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Falx Air unveils multi-purpose hybrid aircraft design

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June 25, 2008

Versatile: Very Light Hybrid Transport (VLHT)

Versatile: Very Light Hybrid Transport (VLHT)

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June 26, 2008 It's safe to say that there is a transport revolution underway. Driven by the need for cleaner, more efficient and more versatile vehicles, it's delivering an unprecedented number of radical and innovative designs for the road, sea, and for the air. The latest airborne example to come to our attention is this Hybrid Transport Aircraft design from Falx Air. In addition to being used as a standard light cargo platform, mid-air light re-fueling or surveillance aircraft, the Very Light Hybrid Transport (VLHT) can be adapted to carry six passengers, or four stretchers and two medical staff. Like the company's hybrid-electric tilt-rotor aircraft platform unveiled earlier this year, the design combines automotive hybrid electric technology with a fast charge battery system and solar cells to deliver exceptional fuel economy.

With a design that wouldn't look out of place in the space shuttle program, the rear-loading VLHT is made from aerospace certified composite materials, measures (34.5 feet long x 11.5 feet high (10.5m x 3.5m) with a wingspan of 33.8 feet (10.3 meters), weighs 800kg (dry weight) and can carry 650kg.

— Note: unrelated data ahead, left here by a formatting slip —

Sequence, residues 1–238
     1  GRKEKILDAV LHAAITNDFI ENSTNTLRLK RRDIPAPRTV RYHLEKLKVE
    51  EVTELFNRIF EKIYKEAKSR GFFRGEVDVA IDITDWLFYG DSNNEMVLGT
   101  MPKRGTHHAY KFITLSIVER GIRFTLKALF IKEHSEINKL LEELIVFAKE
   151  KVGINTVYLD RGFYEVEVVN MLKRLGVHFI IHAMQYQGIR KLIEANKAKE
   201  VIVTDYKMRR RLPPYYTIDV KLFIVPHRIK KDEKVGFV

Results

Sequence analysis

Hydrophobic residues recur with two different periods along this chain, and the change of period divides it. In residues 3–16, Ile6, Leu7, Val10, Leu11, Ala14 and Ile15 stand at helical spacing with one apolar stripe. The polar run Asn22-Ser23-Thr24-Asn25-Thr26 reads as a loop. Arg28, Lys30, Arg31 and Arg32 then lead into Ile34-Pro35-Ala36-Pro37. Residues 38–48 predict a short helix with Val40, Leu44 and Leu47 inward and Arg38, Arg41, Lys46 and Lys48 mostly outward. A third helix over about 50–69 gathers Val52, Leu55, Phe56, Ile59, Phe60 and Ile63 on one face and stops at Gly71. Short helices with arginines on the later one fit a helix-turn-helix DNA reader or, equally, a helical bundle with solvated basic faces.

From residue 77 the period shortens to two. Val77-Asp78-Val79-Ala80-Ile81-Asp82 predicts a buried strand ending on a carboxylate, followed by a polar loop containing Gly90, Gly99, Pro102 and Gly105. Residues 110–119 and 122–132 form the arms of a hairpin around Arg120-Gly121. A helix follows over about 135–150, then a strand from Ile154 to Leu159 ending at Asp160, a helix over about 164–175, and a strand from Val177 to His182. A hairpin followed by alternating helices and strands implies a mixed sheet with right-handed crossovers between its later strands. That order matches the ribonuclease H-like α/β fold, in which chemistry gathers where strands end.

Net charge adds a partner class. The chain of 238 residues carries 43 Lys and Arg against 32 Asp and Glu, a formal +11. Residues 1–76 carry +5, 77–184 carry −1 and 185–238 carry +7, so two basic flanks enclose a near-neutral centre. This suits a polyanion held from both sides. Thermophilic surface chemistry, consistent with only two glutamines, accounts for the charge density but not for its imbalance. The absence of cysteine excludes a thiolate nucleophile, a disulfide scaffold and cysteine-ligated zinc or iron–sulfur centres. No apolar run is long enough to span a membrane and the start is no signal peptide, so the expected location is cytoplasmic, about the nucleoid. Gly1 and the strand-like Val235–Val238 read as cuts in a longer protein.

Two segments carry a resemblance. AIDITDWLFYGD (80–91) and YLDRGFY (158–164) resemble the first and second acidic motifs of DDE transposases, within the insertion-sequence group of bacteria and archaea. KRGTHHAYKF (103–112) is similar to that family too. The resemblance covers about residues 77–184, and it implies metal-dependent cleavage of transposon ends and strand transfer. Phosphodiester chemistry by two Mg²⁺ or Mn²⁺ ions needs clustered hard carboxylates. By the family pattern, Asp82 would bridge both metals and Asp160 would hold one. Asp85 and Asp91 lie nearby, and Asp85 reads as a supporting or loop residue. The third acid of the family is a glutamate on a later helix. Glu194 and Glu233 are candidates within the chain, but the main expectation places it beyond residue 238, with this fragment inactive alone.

The basic performance specs released to date put its range at around 1430 miles (2300 km +40 min Res) with a top speed of just under 300mph (480kmh) and a cruise speed of 251 mph (405kmh) dropping to 68 mph (110kmh) before it stalls. Short take‐off and landing capabilities and the ability to use grass strips also add to its versatility.

The two small high torque internal combustion engines drive permanent magnet generators to generate electricity when in operation and the embedded photovoltaics enable slow charging of the batteries while the aircraft is on the ground, meaning the avionics packages can be run without using a fuel burning auxiliary power unit.

Falx puts the fuel consumption of the two engines at at 6.6 gallons (20 liters) per hour based on bench testing under load.

The avionics package includes a dual redundant flight system, custom ballistic recovery system fitted as standard and an air traffic monitoring system with a situation awareness display.

There's no definite time-frame yet from UK based Falx on when the design overview will move to the next phase of development but we will be watching with interest - stay tuned.

About the Author
Noel McKeegan After a misspent youth at law school, Noel began to dabble in tech research, writing and things with wheels that go fast. This bus dropped him at the door of a freshly sprouted Gizmag.com in 2002. He has been Gizmag's Editor-in-Chief since 2007.   All articles by Noel McKeegan
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